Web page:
• Start with 20-30 minutes per day: Gradually increase the time as you become more conditioned.
  • Get 7000 steps per day: Research shows increasing your step count can help you live longer [14].
  • Combine cardio exercise + resistance training: They condition different muscles and provide different benefits. Both can help promote better sleep.

Avoid strenuous activities right before bedtime. For some people, this may raise the stress hormone cortisol and make it difficult to fall asleep. 

7. Limit Daytime Naps

Many people believe that taking a daytime nap is a great way to improve their sleep. However, experts advise against napping during the day. A nap can actually disrupt the rhythm of your sleep schedule and lead to poor sleep quality. 

Instead, try to establish a regular sleep schedule to get the rest you need and limit daytime naps only when you’re truly exhausted or recovering from an illness or injury.

8. Establish A Regular Sleep Schedule

There are many benefits to sticking to a regular sleep schedule, including improved sleep quality and better overall health. Here are a few tips to help you establish a schedule that will get you on track.

  1. Make a plan. Before bed, take some time to plan or make the next day’s to-do list. This can help get distractions off your mind and prepare you for restorative sleep.
  2. Establish a regular bedtime. Going to bed at the same time every night promotes restful sleep. 
  3. Keep your room cool. A room temperature between 60 and 68F (or 15-19°C) is ideal for sleep. It helps lower our body temperature so we fall asleep faster.
  4. Avoid noise and light in the evening. Noise and light can keep you awake at night, so try to avoid watching television or using electronic devices in the evening.

If you stay consistent with a sleep routine, you should feel an improvement in your sleep quality and wake up more refreshed within 10 days to two weeks. 

Hatch Restore and App on a nightstand at night with a pink sunset light.

9. Use the Hatch Restore to Make Setting Up a Sleep Routine Easy

Studies show that having a consistent sleep schedule can help you sleep better. If you’ve tried to get a sleep routine going but weren’t successful, try our favorite sleep gadget – the Hatch restore.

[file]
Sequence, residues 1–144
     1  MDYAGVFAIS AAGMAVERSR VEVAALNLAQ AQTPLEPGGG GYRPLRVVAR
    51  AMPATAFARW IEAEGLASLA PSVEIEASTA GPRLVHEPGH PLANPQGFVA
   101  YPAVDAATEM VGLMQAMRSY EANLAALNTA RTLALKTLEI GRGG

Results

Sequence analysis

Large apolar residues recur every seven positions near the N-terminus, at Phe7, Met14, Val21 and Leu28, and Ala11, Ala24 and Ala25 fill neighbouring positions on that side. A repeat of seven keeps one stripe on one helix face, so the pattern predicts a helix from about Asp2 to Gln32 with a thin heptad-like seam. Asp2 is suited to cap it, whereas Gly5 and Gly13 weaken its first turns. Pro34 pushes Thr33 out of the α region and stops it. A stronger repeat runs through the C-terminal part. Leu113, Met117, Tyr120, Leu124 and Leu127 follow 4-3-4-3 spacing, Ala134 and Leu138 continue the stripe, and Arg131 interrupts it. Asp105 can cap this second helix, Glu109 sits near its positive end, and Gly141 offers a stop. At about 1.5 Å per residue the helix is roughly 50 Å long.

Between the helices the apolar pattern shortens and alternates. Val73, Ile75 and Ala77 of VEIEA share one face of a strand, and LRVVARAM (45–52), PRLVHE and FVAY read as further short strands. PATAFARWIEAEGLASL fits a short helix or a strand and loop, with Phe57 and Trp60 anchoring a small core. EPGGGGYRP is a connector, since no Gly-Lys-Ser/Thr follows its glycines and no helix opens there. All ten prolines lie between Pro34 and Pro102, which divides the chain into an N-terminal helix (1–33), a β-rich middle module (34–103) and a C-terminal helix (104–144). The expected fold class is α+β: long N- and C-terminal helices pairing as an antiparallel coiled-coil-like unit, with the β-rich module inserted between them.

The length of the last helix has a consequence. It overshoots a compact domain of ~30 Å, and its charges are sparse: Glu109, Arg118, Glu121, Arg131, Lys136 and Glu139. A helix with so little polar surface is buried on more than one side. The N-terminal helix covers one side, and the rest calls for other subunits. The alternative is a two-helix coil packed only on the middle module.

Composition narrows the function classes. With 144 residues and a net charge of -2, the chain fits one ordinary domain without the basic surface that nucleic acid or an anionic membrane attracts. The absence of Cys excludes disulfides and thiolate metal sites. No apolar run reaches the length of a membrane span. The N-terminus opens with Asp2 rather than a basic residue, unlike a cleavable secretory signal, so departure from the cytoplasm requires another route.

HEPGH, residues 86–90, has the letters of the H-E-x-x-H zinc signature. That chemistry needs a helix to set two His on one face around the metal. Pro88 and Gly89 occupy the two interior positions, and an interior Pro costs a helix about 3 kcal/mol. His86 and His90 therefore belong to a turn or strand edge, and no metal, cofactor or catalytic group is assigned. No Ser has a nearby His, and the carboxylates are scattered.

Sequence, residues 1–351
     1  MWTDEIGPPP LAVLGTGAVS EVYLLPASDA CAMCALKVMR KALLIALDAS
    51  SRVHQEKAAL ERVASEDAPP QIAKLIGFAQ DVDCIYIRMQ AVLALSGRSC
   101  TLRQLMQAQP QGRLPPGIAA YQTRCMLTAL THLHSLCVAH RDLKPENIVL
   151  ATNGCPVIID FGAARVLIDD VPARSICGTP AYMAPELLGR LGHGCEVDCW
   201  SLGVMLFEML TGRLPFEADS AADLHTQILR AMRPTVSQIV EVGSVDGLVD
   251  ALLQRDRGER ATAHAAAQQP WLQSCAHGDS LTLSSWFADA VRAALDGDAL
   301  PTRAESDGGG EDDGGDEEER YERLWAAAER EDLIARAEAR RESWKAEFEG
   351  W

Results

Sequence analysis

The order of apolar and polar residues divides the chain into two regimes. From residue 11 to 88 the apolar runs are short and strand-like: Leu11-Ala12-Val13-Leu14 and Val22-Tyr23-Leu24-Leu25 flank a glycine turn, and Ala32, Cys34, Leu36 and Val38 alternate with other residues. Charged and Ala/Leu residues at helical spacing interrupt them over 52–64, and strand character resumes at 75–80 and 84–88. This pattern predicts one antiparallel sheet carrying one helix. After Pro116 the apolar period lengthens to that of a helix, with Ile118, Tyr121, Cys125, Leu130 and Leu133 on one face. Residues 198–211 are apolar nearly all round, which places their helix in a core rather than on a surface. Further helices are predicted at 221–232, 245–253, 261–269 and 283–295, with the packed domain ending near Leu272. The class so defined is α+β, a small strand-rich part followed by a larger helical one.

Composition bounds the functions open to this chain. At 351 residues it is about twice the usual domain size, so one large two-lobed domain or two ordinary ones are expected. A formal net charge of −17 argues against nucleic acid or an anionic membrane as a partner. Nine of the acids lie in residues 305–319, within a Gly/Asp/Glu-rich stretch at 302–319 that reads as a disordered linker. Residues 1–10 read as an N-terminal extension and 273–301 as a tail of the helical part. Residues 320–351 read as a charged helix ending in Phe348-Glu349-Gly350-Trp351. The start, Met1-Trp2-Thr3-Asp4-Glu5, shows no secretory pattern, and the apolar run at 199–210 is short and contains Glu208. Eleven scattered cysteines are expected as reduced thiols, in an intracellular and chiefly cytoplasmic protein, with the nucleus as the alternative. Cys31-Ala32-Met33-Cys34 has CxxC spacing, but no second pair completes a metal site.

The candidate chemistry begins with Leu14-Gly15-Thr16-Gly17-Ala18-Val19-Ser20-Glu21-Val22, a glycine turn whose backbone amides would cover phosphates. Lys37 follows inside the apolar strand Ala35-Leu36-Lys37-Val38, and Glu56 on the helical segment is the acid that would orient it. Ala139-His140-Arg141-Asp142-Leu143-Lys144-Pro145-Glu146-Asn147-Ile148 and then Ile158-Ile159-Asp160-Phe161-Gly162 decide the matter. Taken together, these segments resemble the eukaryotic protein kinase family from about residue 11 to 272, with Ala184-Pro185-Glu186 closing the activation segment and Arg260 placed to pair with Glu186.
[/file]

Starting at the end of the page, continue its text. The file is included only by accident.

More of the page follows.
A “smart sleep assistant,” Hatch Restore is an all-in-one smart alarm clock that’s also a bedside reading lamp, a soundscape, and a meditation machine designed to make setting up a sleep routine easy. 

And if you have trouble winding down at night, it’s an amazing tool that can help you get to sleep faster and stay there using a library of calming sounds, lights, meditations, and bedtime stories.

What’s really cool is that it has a variety of lighting options with sunsets to help you relax at night and sunrises to help you wake naturally.

With the Hatch Restore app, it’s easy to program your own personal timed multi-step sleep routine.  💡 See our full review of Hatch Restore 

With the Hatch Restore you can:

  • Establish a calming pre-sleep bedtime routine
  • Maintain a regular sleep-wake schedule
  • Wake up naturally to a selection of sunrises
  • Have a sound and meditation machine, dimmable bedside multi-color lamp, and alarm clock all-in-one

Out of the box Hatch Restore has:

  • 9 different sleep soundscapes (light rain and river creek)
  • 10 different sunrises that gradually brighten like the sun at waking
  • 10 different wake sounds (chirping birds, meditative flutes, etc.)
  • White and pink noise type sounds to help you block outside noises 
  • The option to upgrade to their library of premium content


A woman using the Hatch Restore app to program her bedtime and wake settings.

Hatch Restore is a fun device that helps you wind down, and fall asleep fast while improving restful sleep so you wake up more refreshed. 

What we love most about it is that it makes waking up something to look forward to instead of a torturous chore.